Int J Biol Sci 2021; 17(8):1864-1877. doi:10.7150/ijbs.59725
Could protein content of Urinary Extracellular Vesicles be useful to detect Cirrhosis in Alcoholic Liver Disease?
1. Exosomes Laboratory. Center for Cooperative Research in Biosciences (CIC bioGUNE), Basque Research and Technology Alliance (BRTA), Derio, Spain.
2. Proteomics Platform. Center for Cooperative Research in Biosciences (CIC bioGUNE), Basque Research and Technology Alliance (BRTA), Derio, Spain.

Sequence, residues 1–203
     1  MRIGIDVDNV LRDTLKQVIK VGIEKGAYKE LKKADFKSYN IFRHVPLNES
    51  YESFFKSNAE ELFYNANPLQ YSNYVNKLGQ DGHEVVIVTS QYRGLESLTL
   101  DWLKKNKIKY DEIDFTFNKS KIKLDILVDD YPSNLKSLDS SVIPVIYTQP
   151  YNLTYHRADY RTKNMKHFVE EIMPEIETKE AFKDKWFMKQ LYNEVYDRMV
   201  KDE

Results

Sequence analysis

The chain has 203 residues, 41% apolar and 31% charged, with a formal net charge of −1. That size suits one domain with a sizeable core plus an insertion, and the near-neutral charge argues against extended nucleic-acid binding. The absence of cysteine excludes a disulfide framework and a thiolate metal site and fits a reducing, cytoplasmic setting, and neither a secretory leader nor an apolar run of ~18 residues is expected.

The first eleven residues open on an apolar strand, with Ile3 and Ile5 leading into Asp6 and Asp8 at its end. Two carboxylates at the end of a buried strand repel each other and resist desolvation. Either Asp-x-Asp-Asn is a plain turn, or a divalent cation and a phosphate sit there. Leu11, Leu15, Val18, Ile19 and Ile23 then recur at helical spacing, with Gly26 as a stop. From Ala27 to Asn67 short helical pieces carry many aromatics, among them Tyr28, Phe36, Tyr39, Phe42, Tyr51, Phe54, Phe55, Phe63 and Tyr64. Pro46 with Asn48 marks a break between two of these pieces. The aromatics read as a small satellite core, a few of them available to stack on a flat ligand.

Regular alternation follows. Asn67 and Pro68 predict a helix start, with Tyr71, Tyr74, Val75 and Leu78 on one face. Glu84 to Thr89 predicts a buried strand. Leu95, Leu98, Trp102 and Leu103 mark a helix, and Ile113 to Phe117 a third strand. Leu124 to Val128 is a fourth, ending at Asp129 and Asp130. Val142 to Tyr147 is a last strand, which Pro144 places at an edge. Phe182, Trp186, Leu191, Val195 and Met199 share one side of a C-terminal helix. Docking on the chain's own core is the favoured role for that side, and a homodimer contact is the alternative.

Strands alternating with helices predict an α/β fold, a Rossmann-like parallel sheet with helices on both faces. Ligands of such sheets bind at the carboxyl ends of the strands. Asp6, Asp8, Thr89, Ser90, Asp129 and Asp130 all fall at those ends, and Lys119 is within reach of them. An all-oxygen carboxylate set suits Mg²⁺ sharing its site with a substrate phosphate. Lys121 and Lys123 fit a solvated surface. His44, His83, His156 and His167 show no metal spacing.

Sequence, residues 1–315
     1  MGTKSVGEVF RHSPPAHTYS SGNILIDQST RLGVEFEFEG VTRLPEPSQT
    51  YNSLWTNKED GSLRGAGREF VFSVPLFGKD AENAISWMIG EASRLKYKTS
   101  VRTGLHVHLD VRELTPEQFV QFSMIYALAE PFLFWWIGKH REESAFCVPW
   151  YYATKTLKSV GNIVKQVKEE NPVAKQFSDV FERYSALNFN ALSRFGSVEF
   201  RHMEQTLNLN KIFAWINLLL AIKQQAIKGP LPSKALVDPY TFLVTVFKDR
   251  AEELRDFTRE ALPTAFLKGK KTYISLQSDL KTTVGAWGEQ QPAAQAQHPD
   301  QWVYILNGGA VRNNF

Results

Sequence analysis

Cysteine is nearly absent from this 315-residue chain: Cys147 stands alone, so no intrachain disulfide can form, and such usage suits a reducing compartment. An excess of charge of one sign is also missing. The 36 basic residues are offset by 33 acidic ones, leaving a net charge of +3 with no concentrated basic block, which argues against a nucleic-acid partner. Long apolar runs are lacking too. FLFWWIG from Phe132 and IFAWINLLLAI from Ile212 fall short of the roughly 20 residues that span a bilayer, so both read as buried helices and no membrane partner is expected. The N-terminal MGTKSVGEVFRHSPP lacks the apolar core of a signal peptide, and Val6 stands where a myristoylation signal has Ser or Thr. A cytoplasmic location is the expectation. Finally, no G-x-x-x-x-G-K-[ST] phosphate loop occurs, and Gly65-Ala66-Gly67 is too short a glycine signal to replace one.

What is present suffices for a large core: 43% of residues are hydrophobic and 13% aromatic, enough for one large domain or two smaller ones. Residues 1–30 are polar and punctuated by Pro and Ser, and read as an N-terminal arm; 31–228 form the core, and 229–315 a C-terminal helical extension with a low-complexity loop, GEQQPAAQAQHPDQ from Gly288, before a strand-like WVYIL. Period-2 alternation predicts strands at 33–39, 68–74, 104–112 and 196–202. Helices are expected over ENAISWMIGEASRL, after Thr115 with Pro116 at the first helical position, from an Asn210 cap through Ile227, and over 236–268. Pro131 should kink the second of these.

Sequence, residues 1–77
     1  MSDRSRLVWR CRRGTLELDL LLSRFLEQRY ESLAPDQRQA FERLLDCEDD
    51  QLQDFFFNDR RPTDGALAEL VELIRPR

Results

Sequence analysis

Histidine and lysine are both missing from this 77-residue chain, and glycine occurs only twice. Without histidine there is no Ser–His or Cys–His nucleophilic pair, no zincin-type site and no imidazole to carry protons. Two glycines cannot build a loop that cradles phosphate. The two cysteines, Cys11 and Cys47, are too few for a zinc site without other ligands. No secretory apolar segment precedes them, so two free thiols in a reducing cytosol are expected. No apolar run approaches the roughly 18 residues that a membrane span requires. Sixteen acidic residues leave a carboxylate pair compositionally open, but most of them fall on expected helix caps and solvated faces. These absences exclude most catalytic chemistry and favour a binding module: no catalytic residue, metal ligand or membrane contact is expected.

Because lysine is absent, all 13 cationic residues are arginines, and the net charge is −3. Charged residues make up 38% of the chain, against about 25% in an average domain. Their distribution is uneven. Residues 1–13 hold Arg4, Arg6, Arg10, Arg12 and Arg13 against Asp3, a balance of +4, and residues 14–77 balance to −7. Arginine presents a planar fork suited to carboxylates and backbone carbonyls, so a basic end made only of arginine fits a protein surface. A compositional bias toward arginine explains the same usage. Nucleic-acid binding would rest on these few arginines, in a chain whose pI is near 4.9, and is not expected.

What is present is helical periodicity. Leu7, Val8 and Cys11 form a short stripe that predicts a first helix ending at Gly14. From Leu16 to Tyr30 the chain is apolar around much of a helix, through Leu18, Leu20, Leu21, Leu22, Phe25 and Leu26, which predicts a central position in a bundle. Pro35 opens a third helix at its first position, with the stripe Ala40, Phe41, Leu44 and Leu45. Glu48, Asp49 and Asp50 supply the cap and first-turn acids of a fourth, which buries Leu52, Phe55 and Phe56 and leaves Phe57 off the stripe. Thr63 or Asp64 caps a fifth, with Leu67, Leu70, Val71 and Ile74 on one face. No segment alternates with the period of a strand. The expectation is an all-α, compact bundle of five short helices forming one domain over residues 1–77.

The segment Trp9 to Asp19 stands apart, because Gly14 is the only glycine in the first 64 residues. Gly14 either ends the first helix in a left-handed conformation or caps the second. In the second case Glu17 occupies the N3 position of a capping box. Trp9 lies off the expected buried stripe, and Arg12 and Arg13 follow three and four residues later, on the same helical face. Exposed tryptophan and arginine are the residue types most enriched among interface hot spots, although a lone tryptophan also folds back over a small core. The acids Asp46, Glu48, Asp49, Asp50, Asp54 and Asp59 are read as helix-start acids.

3. Servicio de Aparato Digestivo, Hospital Universitario de Basurto, Bilbao, Spain.
4. Centro de Investigación Biomédica en Red de enfermedades hepáticas y digestivas (CIBERehd), Madrid, Spain.
5. IKERBASQUE Basque Foundation for Science Bilbao Spain.
Gonzalez E, Azkargorta M, Garcia-Vallicrosa C, Prieto-Elordui J, Elortza F, Blanco-Sampascual S, Falcon-Perez JM. Could protein content of Urinary Extracellular Vesicles be useful to detect Cirrhosis in Alcoholic Liver Disease?. Int J Biol Sci 2021; 17(8):1864-1877. doi:10.7150/ijbs.59725. Available from https://www.ijbs.com/v17p1864.htm